The U.S. Federal Circuit Court of Appeals in Washington, D.C. ruled today that Nintendo did not infringe upon motion control patents held by Motiva LLC, saying litigation against the Wii maker was "Motiva's only activity that could be related to commercializing the technology."
Motiva filed suit in 2008 claiming that Nintendo's Wii console had infringed on patents that allowed a system to track player position and movement and that importing the Wii consoles would harm a U.S. industry.
According to the ruling (PDF link), Motiva needed to prove that it had made "significant investment in plant and equipment," "significant employment of labor or capital" and "substantial investment in its exploitation, including engineering, research and development, or licensing."
In today's ruling, Judge Sharon Prost wrote that Motiva failed to meet the "economic prong of the domestic industry requirement."
"Motiva was never close to launching a product incorporating the patented technology — nor did any partners show any interest in doing so, for years before or any time after the launch of the Wii," and "the evidence demonstrated that Motiva's litigation was targeted at financial gains, not at encouraging adoption of Motiva's patented technology," Prost wrote.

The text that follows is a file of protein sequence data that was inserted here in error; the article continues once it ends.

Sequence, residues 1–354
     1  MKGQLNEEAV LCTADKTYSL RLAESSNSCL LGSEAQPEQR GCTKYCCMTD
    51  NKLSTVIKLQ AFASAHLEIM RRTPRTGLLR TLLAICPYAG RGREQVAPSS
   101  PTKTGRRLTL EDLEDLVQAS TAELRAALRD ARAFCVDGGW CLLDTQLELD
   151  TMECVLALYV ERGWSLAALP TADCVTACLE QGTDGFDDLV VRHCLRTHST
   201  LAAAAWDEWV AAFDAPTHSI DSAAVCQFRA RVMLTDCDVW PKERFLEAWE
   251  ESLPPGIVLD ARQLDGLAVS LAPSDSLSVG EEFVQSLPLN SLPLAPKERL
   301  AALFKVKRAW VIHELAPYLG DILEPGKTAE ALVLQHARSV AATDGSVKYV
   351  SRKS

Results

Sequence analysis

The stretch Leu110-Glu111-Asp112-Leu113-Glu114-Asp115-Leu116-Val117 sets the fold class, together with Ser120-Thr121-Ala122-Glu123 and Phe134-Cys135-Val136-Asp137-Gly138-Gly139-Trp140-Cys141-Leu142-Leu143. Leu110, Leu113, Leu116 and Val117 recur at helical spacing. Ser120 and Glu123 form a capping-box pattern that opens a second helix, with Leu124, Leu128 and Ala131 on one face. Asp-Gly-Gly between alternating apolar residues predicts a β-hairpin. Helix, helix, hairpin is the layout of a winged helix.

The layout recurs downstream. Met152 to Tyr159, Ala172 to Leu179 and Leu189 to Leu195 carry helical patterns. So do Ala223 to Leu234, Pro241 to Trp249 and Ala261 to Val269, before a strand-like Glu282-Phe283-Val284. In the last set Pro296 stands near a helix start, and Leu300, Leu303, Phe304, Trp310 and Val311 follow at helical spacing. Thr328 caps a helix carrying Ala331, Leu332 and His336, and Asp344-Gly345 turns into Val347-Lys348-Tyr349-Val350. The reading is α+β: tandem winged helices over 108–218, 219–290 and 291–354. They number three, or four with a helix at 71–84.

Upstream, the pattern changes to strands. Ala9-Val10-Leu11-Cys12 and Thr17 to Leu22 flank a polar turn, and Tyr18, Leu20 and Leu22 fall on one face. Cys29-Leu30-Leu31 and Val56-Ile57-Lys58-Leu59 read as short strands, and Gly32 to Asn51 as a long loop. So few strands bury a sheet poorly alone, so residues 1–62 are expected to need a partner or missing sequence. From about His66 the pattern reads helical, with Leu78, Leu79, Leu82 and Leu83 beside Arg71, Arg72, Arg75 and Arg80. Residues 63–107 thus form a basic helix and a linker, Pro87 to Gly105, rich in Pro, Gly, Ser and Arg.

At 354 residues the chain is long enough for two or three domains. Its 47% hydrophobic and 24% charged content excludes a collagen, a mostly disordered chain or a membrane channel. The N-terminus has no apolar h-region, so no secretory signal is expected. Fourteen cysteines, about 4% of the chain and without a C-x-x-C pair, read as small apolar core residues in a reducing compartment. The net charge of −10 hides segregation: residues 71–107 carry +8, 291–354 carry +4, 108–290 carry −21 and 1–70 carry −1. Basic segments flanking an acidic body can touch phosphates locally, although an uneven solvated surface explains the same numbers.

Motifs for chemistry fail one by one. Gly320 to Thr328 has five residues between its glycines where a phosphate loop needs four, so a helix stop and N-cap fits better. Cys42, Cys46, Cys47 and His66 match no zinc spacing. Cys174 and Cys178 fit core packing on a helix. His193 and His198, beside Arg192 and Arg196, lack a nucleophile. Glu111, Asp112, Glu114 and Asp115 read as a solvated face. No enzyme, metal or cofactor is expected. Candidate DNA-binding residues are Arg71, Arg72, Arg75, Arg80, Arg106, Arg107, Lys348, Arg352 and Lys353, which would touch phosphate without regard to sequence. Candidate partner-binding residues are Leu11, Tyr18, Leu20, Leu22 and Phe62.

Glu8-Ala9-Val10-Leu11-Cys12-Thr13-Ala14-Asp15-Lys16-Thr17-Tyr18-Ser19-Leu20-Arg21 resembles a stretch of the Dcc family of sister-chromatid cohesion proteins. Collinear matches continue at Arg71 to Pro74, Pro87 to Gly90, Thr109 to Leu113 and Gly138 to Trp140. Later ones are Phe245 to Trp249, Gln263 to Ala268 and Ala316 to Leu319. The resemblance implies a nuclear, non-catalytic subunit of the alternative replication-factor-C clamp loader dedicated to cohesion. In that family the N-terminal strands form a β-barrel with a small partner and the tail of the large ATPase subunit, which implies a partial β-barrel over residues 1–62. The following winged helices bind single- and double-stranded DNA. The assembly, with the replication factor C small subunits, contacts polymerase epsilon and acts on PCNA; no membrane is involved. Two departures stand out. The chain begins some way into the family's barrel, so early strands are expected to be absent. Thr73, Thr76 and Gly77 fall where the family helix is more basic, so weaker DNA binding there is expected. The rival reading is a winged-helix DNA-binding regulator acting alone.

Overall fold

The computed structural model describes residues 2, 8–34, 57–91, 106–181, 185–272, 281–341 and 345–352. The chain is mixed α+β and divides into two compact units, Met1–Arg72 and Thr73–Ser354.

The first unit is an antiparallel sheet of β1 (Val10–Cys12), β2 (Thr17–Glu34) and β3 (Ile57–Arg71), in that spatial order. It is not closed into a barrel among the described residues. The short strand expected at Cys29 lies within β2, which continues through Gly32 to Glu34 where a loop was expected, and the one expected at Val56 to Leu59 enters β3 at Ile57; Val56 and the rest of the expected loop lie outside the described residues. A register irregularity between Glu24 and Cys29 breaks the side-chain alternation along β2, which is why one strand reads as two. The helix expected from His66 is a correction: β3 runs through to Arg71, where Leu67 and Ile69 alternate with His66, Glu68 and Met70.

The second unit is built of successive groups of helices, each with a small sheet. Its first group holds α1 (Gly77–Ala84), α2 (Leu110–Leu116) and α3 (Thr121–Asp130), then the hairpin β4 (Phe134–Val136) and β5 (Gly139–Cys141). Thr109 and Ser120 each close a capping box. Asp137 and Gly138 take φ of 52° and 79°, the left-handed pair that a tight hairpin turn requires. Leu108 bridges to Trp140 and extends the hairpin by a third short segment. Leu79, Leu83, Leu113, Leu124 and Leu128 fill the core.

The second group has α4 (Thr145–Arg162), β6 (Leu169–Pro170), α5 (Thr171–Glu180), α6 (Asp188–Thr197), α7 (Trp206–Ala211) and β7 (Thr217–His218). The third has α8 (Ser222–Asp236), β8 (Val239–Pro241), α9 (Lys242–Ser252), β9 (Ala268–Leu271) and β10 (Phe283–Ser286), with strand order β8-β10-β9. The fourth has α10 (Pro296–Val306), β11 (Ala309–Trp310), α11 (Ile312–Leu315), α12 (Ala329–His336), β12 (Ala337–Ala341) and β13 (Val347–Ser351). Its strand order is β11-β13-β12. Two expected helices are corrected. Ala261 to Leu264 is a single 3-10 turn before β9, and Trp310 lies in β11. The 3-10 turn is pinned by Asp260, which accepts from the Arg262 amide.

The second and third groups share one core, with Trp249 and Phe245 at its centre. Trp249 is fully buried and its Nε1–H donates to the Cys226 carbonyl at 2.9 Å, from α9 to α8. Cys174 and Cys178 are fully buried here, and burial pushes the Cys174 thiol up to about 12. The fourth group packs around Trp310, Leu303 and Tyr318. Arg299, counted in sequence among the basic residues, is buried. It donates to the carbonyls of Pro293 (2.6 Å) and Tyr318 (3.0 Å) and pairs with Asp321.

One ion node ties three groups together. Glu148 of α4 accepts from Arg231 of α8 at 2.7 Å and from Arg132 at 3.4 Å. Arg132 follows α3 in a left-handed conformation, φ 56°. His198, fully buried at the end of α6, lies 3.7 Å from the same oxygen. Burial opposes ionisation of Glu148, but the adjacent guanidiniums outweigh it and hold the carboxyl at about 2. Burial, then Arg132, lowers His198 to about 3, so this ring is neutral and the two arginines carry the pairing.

Moreover, an administrative law judge ruled in 2011 "after briefing and a five-day evidentiary hearing," that Nintendo did not infringe on either of Motiva's patents. Motiva appealed, and the Circuit Court declined to revisit those findings.
"We are very pleased with this result," Richard Medway, Nintendo of America's deputy general counsel, said in a press release from the company. "The court confirmed that Motiva's sole activity, litigation against Nintendo, did not satisfy the ITC's domestic industry requirement. Nintendo has a passionate tradition of developing innovative products while respecting the intellectual property rights of others. We vigorously defend patent lawsuits when we firmly believe that we have not infringed another party's patent."